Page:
Posts tagged: recession
Nicole Aschoff on the “Alt-Labor” movement, such as the Walmart and fast food strikes:
University of Colorado-Denver management professor Wayne Cascio has shown, through a comparison of Walmart/Sam’s Club and Costco, that low wages are not necessary for high profits and productivity. Costco employees average roughly $35, 000 per year ($17 per hour), while Sam’s Club workers average roughly $21, 000 per year ($10 per hour) and Walmart workers earn an average of less than $9 an hour. Costco also provides it workers predictable, full-time work and health benefits. However, contrary to popular assumptions, Costco actually scores higher in relative financial and operating performance than Walmart. Its stores are more profitable and more productive, and its customers and employees are happier.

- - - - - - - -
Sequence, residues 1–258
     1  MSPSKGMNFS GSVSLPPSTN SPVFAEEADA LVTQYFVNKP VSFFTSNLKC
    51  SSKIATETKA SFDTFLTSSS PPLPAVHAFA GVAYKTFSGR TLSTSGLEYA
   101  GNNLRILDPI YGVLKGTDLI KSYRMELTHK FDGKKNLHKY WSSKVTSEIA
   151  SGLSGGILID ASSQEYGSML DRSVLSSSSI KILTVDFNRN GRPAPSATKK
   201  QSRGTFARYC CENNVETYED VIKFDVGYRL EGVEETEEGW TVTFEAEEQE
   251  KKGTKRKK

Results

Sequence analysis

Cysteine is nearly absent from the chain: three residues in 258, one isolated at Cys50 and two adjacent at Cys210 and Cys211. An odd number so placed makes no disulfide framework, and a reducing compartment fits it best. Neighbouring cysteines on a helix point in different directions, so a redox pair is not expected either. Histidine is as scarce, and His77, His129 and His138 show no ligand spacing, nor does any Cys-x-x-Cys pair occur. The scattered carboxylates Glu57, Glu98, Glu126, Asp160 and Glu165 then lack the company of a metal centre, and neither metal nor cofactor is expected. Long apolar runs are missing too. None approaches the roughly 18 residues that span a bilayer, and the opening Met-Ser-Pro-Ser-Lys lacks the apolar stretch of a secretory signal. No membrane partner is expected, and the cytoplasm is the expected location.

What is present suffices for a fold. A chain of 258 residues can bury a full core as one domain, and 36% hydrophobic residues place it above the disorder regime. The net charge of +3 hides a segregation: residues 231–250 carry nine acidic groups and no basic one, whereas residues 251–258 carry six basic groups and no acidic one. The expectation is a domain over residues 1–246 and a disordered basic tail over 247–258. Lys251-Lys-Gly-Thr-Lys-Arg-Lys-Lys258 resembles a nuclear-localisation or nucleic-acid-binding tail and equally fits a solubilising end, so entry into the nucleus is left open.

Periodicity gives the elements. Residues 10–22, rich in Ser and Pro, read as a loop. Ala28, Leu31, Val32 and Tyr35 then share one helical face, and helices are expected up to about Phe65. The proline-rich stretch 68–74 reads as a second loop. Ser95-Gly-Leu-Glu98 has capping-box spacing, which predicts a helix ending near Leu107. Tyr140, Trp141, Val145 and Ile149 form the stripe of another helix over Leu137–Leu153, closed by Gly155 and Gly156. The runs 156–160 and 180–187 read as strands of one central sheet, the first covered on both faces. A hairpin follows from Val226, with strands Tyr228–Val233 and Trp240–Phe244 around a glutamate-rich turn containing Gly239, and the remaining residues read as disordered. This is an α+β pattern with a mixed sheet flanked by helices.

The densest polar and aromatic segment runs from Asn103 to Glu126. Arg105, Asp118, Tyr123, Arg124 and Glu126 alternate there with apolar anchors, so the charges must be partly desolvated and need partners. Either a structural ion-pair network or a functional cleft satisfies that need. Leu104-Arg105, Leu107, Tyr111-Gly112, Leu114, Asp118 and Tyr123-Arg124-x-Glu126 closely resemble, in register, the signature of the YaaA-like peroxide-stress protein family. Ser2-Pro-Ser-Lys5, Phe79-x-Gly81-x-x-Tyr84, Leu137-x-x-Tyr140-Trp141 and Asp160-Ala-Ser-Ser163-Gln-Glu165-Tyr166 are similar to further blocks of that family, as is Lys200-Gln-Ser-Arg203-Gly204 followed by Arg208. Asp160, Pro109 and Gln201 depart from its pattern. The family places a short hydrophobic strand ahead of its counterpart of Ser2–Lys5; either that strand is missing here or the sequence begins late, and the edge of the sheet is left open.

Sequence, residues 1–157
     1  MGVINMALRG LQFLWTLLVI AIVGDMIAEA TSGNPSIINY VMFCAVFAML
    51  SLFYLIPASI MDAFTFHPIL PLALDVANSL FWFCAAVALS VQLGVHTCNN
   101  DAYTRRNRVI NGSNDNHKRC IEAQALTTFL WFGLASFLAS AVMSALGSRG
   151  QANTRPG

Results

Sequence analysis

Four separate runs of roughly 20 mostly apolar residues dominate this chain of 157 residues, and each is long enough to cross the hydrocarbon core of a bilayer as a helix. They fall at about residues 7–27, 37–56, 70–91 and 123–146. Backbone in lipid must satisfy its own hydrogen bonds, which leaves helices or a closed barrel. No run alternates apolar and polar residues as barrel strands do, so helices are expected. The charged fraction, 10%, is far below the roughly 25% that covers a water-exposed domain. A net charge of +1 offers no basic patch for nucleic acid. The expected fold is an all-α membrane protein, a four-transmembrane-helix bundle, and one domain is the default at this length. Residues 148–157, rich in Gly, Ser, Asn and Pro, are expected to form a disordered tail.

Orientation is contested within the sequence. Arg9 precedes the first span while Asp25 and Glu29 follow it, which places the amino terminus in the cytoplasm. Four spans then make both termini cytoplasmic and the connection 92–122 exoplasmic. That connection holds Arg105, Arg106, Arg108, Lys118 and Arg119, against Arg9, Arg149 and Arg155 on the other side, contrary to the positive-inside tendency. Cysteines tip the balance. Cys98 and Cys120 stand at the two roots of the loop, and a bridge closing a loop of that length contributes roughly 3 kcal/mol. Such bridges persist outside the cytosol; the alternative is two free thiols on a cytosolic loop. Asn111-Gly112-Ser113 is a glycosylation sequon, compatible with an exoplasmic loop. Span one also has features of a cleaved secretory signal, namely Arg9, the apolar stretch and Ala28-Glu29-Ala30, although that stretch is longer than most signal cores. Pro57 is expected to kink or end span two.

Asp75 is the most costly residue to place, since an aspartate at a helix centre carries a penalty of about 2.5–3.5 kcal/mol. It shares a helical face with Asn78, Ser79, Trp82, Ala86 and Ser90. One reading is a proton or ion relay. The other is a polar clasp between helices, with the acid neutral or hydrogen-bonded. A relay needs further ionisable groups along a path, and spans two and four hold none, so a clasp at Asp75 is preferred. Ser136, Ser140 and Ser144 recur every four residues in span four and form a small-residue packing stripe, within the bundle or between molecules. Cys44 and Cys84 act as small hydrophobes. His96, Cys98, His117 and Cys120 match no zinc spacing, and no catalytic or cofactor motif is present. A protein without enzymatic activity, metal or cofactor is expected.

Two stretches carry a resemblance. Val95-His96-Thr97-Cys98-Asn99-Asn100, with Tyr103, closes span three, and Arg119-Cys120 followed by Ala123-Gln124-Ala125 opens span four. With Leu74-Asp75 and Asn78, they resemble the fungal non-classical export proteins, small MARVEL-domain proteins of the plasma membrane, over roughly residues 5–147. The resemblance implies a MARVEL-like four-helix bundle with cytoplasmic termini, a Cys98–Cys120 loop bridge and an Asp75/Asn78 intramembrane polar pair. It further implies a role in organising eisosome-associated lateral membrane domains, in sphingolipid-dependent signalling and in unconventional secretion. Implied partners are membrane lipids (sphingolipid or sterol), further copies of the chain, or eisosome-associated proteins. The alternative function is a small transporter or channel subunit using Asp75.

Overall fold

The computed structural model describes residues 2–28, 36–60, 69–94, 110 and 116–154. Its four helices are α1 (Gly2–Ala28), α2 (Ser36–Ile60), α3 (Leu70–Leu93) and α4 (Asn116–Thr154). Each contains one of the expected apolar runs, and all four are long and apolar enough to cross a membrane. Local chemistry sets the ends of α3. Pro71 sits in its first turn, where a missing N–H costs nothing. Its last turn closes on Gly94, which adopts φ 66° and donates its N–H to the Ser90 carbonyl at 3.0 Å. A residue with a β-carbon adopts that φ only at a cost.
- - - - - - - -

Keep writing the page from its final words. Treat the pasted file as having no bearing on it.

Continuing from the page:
Costco is not exceptional. Zeynep Ton, of MIT’s Sloan School of Management, has studied retail operations for a decade and argues that “the presumed trade-off between investment in employees and low prices can be broken.” “High-road” employers like Trader Joe’s, Wegmans, and the Container Store have all found ways to make high profits and provide decent jobs. Catherine Ruetschlin’s research shows that a modest wage increase—bumping up the average annual salary of Walmart or Target workers to $25,000—would barely make a dent in big retailers’ bottom line, costing them the equivalent of about 1% of total sales. Even if a company like Walmart passed on half the cost of the increase to customers, the average customer would pay roughly $17 more per year, or about 15 cents per shopping visit. And, considering most low-wage workers spend nearly their entire paycheck on necessities, the industry would see a boost in sales ($4 billion to $5 billion more per year) to its own workers. Fast-food companies are highly profitable. McDonald’s alone saw profits more than double between 2007 and 2011. They could easily send some of these profits downstream to franchise owners and workers.